Several hundred members of the Thai community in the Washington area, lured by spicy cuisine and the attraction of renewing an ancient religious tradition in a new land, gathered in Silver Spring yesterday to celebrate the start of a Kao Pansa festival sometimes described as the Buddhist Lent.
"There are maybe four or five major Buddhist holidays and this is one," said Dr. Prasarn Nilprabhassorn at the large house at 9033 Georgia Ave. that is known as Wat Thai Washington (wat is an Asian word for temple) and serves Thais and Thai Americans from Pennsylvania to Florida.
At least 200 people clustered in and around the temple yesterday, meeting and greeting each other, watching ornately costumed young girls perform classical Thai dances and enjoying the special delicacies of their far-off homeland.
Based on the explanations offered by Dr. Nilprabhassorn, a radiologist in Howard County who is president of the Thai Buddhist Association of Washington, yesterday's observance combined centuries-old philosophy and custom with some efforts at adaptation to the demands of life in America.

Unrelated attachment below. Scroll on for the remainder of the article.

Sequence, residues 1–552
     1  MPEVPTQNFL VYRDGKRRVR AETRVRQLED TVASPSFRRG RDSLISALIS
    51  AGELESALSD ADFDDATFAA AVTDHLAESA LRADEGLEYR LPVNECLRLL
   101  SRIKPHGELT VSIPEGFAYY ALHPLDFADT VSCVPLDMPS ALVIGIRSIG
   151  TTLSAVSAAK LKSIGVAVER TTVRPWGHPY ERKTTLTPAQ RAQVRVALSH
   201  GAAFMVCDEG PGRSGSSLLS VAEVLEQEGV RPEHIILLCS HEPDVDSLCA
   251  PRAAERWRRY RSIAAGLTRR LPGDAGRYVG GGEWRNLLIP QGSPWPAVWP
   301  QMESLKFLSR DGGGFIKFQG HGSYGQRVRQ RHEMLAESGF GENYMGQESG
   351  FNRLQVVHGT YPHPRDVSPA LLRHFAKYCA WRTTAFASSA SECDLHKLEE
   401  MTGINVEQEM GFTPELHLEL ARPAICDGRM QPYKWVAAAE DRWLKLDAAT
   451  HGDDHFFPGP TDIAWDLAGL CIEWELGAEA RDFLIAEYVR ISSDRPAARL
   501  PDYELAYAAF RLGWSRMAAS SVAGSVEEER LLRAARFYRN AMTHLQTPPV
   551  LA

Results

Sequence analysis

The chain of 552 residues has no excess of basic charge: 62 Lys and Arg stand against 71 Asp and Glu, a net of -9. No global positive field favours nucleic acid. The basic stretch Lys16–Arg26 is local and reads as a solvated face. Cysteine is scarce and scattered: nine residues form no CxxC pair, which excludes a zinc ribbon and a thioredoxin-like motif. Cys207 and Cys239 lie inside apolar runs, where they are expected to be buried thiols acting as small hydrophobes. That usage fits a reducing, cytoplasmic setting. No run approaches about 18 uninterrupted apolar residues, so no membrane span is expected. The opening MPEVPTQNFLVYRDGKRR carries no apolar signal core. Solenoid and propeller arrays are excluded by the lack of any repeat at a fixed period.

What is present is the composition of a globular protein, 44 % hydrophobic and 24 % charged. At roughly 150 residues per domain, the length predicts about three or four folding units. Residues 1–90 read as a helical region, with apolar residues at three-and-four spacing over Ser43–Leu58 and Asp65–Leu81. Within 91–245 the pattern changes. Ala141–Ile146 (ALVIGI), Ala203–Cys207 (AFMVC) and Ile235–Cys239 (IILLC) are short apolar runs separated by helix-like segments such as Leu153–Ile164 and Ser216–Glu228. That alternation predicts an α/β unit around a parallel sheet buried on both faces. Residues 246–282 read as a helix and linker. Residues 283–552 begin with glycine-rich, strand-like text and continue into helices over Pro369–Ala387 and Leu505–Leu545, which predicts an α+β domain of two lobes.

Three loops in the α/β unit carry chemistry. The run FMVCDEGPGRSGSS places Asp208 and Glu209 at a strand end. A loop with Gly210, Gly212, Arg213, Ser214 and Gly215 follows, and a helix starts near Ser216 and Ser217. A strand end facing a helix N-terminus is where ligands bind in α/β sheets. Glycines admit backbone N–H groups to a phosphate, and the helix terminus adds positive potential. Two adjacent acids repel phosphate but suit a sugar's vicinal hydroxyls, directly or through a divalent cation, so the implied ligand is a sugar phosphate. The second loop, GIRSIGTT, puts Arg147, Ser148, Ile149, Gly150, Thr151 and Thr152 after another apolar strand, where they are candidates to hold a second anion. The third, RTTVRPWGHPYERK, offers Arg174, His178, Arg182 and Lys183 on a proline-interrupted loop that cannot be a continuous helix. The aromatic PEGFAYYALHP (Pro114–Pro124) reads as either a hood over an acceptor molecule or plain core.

The holiday itself marked the start of a three-month period of retreat and contemplation, a time for the monks of the temple to cloister themselves within, for reflection and meditation. The period coincides with the rainy season in Southeast Asia and has been observed for centuries as a distinctive feature of the school of Buddhism dominant in Thailand.
During the period, according to one of the temple's monks, Keriang Chauteh, Thai Buddhists customarily seek to correct some failing or suppress some undesirable habit or trait.
In Asia, Dr. Nilprabhassorn said, most Buddhist families as a matter of course bring to the temple special delicacies they have prepared for the monks and for sharing with other celebrants of the festival.
But, the Thai community leader said, echoing the comments of spokesmen for so many others of the distinctive ethnic and cultural groups that have come to America, "It's not easy for us to follow traditions here."
He said it is necessary to modify Thai traditions to suit the circumstances of American life, in which the Thai community is few in number and geographically dispersed.
So, he explained, rather than being brought by most community members to the temple, Asiatic delicacies were being sold to them. The proceeds were being used to support the temple, and the hot meat dishes spiced with red peppers, lemon grass and garlic fish sauces, were used to draw the community to the wat.
While the dancing was not a specific part of the Buddhist ritual, it was also seen as a valuable attraction, that along with the temple itself, served the ultimate purpose of uniting the estimated 4,000 or 5,000 Thais in the Washington area.